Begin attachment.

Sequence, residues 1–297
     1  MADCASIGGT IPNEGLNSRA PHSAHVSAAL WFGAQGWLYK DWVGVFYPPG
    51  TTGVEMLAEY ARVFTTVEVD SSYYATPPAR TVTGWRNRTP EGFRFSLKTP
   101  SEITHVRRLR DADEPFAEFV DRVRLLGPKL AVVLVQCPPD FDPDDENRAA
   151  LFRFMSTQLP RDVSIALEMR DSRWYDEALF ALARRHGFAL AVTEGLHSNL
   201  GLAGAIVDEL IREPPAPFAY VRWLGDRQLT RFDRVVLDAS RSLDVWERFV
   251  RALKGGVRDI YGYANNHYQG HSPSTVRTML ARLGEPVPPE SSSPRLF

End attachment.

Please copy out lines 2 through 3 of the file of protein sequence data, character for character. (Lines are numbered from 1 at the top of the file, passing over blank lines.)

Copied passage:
     1  MADCASIGGT IPNEGLNSRA PHSAHVSAAL WFGAQGWLYK DWVGVFYPPG
    51  TTGVEMLAEY ARVFTTVEVD SSYYATPPAR TVTGWRNRTP EGFRFSLKTP